Written by: Michelle Vance
Several years ago, I sat down for lunch with two young adults and our Department of Human Services’ Executive Director. The young adults were at the office to shadow the Director for a day so that she could hear their stories and they could learn how she spent her time.
The young adults took the time that day to describe their experiences in the Foster Care system and how it impacted their mental health and transition to adulthood. They explained to us how the transition from one home to another was often very demeaning and defeating. One of the youth explained in detail how it felt to watch all of his belongings gathered into black trash bags and moved somewhere new or somewhere that didn’t feel entirely safe. All four of us experienced a moment of connection and vulnerability. The young adult told us it was hard not to see their life as trash when literally everything they owned was shoved into several trash bags.
The next month there was a purchase order and a budget for suitcases and duffle bags for all youth in our foster care system, so this would not continue to happen.
As I write, I can still remember the Executive Director proudly announcing the change to the partners in the room at the next System of Care Governance meeting. Many high-level systems professionals were there, all of them beaming with the knowledge that our hard work and passion in our System of Care was not useless. It was a time for reflection on how listening directly to young adults with no agenda, or even allowing those with lived experience to write their own agenda, can create space for change.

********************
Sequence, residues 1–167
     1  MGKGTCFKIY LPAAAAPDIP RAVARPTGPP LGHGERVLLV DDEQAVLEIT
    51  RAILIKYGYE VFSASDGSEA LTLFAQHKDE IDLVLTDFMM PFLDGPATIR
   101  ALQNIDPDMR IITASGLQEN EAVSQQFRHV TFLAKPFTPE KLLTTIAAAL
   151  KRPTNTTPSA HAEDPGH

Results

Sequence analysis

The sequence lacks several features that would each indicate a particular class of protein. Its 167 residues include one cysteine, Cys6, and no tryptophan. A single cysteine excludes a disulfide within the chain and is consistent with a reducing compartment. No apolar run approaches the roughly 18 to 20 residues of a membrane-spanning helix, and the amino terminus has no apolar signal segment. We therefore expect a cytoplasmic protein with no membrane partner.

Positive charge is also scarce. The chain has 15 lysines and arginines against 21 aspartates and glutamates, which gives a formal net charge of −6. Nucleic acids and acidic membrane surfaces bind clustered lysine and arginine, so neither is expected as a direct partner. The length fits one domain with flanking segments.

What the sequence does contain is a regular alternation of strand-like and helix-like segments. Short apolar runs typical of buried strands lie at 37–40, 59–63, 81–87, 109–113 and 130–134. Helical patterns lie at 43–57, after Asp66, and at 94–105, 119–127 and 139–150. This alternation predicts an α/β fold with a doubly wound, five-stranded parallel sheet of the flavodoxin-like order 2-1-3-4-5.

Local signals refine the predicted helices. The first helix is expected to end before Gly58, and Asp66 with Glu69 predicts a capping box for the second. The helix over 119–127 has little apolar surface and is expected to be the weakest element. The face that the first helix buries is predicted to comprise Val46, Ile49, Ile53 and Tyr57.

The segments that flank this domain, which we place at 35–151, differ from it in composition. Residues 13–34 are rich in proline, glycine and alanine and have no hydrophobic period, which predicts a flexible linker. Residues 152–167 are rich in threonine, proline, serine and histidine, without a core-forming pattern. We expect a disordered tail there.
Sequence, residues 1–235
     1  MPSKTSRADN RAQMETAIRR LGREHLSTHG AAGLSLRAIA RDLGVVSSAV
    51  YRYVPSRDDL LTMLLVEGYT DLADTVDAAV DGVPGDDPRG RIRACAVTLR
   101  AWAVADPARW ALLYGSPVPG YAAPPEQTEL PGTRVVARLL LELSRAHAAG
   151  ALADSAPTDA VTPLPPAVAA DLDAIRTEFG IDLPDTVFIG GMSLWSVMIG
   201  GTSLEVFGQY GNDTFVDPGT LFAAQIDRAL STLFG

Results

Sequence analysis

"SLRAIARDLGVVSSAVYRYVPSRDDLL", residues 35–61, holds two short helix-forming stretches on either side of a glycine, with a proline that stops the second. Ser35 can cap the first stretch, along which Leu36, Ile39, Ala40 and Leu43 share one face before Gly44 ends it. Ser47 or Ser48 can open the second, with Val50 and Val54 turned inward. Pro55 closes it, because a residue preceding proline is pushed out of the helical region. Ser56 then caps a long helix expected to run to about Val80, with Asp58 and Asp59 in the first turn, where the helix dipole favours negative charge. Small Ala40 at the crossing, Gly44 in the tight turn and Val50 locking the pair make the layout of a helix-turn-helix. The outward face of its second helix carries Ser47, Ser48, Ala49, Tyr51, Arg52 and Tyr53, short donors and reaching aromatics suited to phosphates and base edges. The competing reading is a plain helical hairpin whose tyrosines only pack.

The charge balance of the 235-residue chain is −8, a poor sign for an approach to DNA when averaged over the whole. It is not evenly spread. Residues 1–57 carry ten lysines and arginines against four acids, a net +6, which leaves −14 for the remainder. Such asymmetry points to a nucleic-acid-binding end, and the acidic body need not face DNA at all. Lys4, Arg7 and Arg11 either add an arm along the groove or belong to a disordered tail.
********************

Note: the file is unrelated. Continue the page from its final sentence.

I wanted to share this meaningful experience along with a resource that has helped me for years as an advocate in hopes that you will make space in your life, personally or professionally, to share your story to affect change. A Change Makers Eight Step Guide to Storytelling was published by Ashoka ChangeMakers and can be found online. I especially enjoy how this document allows for this work to be done by one person or as a group of people working together.
You can view the resource here: A Change Makers Eight Step Guide to Storytelling
Change in policy and the inclusion of youth voice do not usually happen as quickly as I describe in this story. This type of advocacy is an ongoing, often seemingly endless venture. The good news is, there are many ways to make change. There are many forms of sharing your story, and by using this guide, you can develop parts of your story for different audiences and make change wherever your passion lies.